Forsyth's planning staff to get three new hires

Increased revenue in dept. to cover positions



FORSYTH COUNTY, Ga. — Three new positions will soon open up in the Planning and Community Development Department.

At a work session June 11, Forsyth County Board of Commissioners voted unanimously to adjust by $127,000 their mid-year 2013 budget to include three new staff members to the planning department. In addition, the department has increased their revenue to cover the new hires.

“We’ve seen a fairly significant increase in permit activity,” said Planning and Community Development Director Tom Brown.

The three jobs include an administrative specialist that will pay about $27,000 per year; and two building field inspectors that will pay about $35,000 per year. But with benefits, supplies and everything else, the total cost for the three new hires is $127,000.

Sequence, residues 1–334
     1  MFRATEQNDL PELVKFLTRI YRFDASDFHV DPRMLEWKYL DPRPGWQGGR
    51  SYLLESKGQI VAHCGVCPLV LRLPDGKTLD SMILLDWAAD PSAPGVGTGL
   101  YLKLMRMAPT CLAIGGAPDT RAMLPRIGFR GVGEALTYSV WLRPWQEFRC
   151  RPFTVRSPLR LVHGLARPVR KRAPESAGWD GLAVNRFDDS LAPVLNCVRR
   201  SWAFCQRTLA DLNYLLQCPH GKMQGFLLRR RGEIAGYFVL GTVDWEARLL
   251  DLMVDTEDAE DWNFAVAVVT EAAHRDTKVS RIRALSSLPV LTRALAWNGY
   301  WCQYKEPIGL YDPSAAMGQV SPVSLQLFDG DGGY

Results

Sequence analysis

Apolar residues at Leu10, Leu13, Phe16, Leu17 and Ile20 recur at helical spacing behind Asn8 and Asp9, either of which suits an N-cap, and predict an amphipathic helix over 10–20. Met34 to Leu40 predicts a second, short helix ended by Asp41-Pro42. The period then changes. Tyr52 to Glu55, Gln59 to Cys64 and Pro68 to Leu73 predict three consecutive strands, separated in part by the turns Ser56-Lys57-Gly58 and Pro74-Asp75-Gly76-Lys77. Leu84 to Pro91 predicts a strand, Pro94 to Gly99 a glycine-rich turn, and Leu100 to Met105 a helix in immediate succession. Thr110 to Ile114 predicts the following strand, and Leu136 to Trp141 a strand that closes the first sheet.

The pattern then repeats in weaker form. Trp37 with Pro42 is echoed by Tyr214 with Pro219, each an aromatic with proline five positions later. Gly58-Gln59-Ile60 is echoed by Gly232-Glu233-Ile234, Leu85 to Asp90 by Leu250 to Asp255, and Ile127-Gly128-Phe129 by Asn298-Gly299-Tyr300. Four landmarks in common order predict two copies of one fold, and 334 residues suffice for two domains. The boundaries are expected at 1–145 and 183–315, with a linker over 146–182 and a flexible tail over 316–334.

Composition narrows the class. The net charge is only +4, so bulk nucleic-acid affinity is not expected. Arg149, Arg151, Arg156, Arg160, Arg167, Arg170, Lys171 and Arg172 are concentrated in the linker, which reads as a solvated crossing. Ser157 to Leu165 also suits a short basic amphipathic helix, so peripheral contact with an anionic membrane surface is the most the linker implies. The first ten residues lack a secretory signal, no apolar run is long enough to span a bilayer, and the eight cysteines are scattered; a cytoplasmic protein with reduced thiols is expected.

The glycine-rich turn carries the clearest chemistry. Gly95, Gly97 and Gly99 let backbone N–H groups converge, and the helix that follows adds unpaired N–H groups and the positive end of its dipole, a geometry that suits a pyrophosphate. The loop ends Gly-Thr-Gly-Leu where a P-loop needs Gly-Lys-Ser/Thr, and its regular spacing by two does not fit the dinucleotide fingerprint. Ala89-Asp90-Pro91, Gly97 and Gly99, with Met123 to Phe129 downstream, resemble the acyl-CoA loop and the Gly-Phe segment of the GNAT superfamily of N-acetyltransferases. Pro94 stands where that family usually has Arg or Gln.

Brown asked the board to increase the planning department’s budget by that same amount to cover the expense of the three new positions.

In 2009, the county experienced a low point — 849 residential permits, Brown said. The department was downsized to 37 employees from 65 employees in the peak of growth — 2,927 permits issued in 2007.

In 2012, residential and commercial permits began to take off again with 2,298 permits issued, Brown said, nearly doubling numbers experienced in 2011 — 1,187.

“So far this year, we are not on track to double 2012, but we are at a quicker pace right now than we were in 2012,” Brown said.

Over 16 years, Brown said the growth appears to be above average.

Building inspections, which are performed by staff and third-party engineers, have been a challenge for county staff.

It takes about three days before someone can be make it out for an inspection, this forces some customers to wait and it also incentivizes other customers to use a third-party inspector.

“Last month alone, we processed 1,000 third-party inspections,” Brown said.

That’s 1,000 inspections the county didn’t have to go out and do, but it’s 1,000 inspection paperwork with faxes, scanning and digitizing.

“What we are saving on the inspection side is costing us on the administrative side,” Brown said.

View desktop version